SO - Brown Elementary School
A school in a produce-scarce area builds a produce-rich garden
When Brown Elementary School received a grant from Whole Kids Foundation to build a garden on school grounds, the goal was to create one that would suit their 200+ students best. The staff chose to build a bed for each of the classes in the school, resulting in 12 total in-ground beds. The layout also includes an outdoor classroom, blueberry bushes, and strawberry plants. Funds from the grant largely went toward purchase of tools, seeds and seedlings, and paint.
When Planting Day arrrived last spring, Brown students greeted it with interest and got their hands dirty planting crops. Some plants were from the store; others were those raised from seed in classrooms. Each class planted something different.
Garden coordinator Alex Sligar was impressed with the way the kids approached gardening. "All of the students at Brown are the garden heroes," he asserts. "One never knows how a group of young people is going to react to being asked to dig in the dirt, wait for seeds to sprout, and eat fruits and vegetables when they start growing. This school's Pre-K through 5th graders are curious and respectful of the garden."
Alex, and all of the Brown staff, appreciates the support and guidance of their community, many of whom stepped forward as volunteers. From high school and college students, to a farmer, to a personal trainer, to a cooking instructor, some 20 people donated their expertise in order to make the garden successful for the kids. The older students did much of the heavy lifting, stopping by on work days in the garden. The rest offered lessons and how-to's. "All of these partnerships help us build a more sustainable program, and encourage publicity and community involvement," says Alex.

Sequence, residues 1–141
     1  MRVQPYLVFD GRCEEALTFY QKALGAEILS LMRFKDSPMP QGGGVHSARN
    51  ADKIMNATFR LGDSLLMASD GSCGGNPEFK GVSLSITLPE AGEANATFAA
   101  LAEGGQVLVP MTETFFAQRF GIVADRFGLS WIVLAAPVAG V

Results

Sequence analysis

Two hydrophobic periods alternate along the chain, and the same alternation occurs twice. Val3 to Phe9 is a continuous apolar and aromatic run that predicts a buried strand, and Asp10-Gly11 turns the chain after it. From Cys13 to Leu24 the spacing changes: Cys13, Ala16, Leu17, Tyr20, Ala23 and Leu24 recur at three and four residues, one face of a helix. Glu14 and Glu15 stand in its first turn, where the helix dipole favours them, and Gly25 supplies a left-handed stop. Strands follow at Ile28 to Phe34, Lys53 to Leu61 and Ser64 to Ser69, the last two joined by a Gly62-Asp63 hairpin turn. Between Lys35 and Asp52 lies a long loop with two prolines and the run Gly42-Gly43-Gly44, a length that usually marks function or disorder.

The Brown staff places garden study on par with the rest of the curriculum--a bold choice that has proven positive. The children have become far more plant-savvy. "Eight of Brown's 11 classes have garden class once per week. At Brown, garden class works like any other extension (music, gym, etc.) and is 30 minutes long.
"With the implementation of a 'Vegetable of the Week' program, students are now able to identify whole vegetables that were a mystery to them before. These include beets, Brussels sprouts, dry beans or different kinds, garlic, and others," Alex adds.
Perhaps most importantly, produce interest and knowledge is being driven home in an area with a dearth of fresh produce. The school is, in many ways, making introductions between the children and fruits and vegetables. "They have made the connection between the food they see on their lunch tray and the way all food is grown," says Alex. "When they see a familiar food in the cafeteria, one they know we have growing in our garden, they ask, 'Did this come from our garden?'" What's more, a portion of the produce is sent home to the school's neediest families on Fridays.
"We hope that exposure to these foods now will help our students to be more adventurous eaters throughout their lives," says Alex.BACK TO ALL TEAM MEMBER RESOURCES